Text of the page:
The average individual can start to feel the positive effects of meat detoxification in about a week. Of course, it can vary in terms of time frame from person to person due to a host of process variable factors.
Meat fully digests in two days at most. The detoxification process starts to take effect right after, especially for those who are not very sensitive to diet change and those who are in the habit of changing their diet every so often.
On the average, detoxification positive effects are felt within a week or two.
There are those, however, that are very slow to respond to detoxing – from about a month to several months. This group is most sensitive to change of diet and usually has the tendency to feel negative effects of the detoxification process, ranging from dizziness to sleeping trouble, etc.
Factors usually affecting response rate and effectiveness of meat detoxification:
Exercise. In general, people who are physically active and exercise regularly have a higher rate of metabolism so that detoxification is faster for all types of food, including meat.
Previous diet. Your previous diet plays an important role in trying to detoxify your body. People with wildly varying types of diets more easily get rid of toxins from the food they eat.
Genes. Genes are a debatable basis for responses to changing diets as a necessary process for detoxification. But it is also not wrong to say that people with certain gene sets more easily absorb whatever adverse effects there are in detoxing and instead, fit into the process naturally and fast.
Personal preference. Believe it or not, but individual personality can spell out success or failure in determining rate of response to meat detoxification.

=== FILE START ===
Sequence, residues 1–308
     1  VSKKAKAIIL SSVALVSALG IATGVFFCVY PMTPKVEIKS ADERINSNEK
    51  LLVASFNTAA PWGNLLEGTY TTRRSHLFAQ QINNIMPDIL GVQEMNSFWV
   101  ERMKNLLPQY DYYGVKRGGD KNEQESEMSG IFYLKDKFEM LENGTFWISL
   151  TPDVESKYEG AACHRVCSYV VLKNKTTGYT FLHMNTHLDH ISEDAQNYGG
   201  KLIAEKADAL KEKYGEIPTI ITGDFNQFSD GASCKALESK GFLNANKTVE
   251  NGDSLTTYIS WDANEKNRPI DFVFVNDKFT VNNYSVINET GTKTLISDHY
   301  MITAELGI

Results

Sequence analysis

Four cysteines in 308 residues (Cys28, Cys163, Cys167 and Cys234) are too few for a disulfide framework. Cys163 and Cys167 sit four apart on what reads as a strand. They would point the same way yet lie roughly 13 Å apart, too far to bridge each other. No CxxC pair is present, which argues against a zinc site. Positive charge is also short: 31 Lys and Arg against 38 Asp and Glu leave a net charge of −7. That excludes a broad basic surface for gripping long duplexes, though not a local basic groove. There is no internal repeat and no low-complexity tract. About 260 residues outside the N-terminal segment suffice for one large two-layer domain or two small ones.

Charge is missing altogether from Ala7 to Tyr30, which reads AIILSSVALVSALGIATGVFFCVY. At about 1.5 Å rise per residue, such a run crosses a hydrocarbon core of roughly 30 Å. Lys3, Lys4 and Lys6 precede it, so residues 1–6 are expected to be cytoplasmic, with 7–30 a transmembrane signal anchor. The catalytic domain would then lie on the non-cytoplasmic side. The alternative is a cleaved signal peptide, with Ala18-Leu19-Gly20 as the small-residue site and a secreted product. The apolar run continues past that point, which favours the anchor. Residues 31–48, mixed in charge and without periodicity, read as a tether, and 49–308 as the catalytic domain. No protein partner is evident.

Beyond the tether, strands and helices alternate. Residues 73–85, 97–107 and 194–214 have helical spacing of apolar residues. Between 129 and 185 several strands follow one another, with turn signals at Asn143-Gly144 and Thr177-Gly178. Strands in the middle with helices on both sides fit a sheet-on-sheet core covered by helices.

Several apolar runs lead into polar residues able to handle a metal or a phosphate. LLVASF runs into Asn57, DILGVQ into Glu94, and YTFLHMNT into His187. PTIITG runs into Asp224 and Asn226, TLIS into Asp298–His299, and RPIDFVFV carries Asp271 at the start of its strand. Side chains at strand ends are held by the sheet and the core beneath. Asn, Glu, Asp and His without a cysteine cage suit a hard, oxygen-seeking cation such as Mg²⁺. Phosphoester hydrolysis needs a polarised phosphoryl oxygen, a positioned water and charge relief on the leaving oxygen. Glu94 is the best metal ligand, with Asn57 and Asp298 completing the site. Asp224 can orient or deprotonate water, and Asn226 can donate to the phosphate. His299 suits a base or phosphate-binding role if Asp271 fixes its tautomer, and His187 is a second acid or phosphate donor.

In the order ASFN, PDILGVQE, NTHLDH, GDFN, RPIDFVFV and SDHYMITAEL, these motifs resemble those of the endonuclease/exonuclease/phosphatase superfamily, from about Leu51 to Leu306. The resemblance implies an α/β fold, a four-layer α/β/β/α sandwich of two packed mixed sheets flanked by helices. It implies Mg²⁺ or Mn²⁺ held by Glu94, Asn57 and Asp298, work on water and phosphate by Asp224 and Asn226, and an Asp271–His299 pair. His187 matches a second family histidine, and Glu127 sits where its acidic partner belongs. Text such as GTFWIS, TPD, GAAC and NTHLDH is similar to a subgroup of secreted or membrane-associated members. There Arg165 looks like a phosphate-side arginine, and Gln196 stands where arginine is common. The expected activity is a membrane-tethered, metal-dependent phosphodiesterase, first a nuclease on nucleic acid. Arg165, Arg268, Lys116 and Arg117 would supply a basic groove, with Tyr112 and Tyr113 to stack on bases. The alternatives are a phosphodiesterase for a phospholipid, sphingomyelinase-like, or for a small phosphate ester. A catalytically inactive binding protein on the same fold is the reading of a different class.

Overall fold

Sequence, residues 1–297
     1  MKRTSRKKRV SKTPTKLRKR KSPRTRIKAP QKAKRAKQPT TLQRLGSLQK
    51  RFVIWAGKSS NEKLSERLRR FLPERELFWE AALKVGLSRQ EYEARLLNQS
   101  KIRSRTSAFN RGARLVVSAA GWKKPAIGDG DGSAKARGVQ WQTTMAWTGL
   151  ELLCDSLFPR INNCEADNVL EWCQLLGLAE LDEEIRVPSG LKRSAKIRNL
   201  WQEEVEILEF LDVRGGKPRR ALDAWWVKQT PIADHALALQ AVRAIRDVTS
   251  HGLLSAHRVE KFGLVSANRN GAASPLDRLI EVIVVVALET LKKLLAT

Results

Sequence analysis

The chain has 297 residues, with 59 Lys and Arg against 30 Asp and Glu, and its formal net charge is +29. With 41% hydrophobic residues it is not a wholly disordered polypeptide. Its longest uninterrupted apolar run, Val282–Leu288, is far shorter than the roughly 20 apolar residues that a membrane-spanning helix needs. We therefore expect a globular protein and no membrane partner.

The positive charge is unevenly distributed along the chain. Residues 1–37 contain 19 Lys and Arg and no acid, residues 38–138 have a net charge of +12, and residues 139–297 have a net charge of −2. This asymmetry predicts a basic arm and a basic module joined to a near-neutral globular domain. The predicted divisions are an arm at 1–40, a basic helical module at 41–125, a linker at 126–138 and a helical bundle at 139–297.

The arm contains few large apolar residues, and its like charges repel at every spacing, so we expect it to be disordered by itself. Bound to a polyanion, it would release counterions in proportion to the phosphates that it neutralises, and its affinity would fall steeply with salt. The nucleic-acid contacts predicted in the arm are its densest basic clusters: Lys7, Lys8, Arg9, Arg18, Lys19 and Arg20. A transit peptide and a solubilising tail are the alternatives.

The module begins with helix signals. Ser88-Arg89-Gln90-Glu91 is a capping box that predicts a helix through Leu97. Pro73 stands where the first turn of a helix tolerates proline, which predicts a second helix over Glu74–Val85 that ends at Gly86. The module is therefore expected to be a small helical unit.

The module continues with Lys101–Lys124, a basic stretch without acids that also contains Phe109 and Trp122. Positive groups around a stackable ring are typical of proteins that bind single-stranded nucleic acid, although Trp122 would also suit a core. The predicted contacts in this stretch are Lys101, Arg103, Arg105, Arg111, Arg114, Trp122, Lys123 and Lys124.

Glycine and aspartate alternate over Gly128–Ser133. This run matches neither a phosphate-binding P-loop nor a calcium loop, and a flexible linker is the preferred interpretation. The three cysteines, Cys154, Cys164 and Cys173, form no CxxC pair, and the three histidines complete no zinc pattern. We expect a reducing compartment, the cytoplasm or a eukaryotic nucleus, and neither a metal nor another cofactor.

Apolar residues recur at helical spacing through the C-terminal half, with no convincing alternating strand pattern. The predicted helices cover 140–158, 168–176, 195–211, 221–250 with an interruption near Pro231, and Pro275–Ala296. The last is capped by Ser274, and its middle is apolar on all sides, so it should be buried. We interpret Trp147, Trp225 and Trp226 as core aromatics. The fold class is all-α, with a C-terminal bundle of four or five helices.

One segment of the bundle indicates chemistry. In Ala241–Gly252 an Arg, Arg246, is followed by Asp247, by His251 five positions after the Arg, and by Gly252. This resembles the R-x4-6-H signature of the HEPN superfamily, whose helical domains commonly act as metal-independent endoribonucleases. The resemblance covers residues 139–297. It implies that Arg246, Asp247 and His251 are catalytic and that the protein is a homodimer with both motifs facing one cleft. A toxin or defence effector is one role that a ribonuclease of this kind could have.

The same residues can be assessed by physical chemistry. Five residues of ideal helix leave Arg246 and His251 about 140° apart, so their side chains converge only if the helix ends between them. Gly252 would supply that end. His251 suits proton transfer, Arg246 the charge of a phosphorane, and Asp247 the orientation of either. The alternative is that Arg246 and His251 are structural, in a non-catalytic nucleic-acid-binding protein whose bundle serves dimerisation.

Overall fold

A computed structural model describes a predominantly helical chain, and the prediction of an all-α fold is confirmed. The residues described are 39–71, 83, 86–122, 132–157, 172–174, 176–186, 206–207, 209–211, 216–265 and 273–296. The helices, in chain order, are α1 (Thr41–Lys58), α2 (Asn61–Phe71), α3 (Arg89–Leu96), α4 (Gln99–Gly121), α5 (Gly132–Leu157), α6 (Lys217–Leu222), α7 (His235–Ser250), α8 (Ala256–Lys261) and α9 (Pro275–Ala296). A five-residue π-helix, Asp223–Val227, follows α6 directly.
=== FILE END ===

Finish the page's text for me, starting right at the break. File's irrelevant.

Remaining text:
If the meat-detox method perfectly fits you, determination becomes second nature. However, if the method offered is not palatable to you as a person (with all your likes and dislikes), laziness easily sets in and you backslide again and again.
But despite known standard factors that affect the detoxification response, it is likely that you will meet somebody with an entirely different reaction and come out as an “exception to the rule,” based on the factors above.
What is the simplest way to detoxify from meat?
Common sense tells us that a diet that does not include meat is the simplest way to detox from meat. But is it really that simple to everybody else?
Few individuals can shift from one type of diet to another that easily. Information that offers easy and simple ways to meat-detox abound on the internet. After some serious research, you’ll soon find out that there is no standard method that fits all. It all depends on many factors, as mentioned above.
Reading through available material that comes your way will guide you to identify a few methods that are simple enough for you to follow and that which you will be comfortable with. Trial-and-error is the key to zeroing in on the one that will be most effective for you with the least effort.
Possible unpleasant effects of meat detoxification
A sudden change of diet, from meat-eating to no-meat-at-all, may not sit well with you, unique as you are from the person next to you. Here are a few unpleasant effects of diet change:
Dizziness. Usually attributed to postprandial hypotension, especially from unusually large meals. A change of diet can upset our digestive system in a similar manner and cause hormonal imbalance. Hence, the dizziness.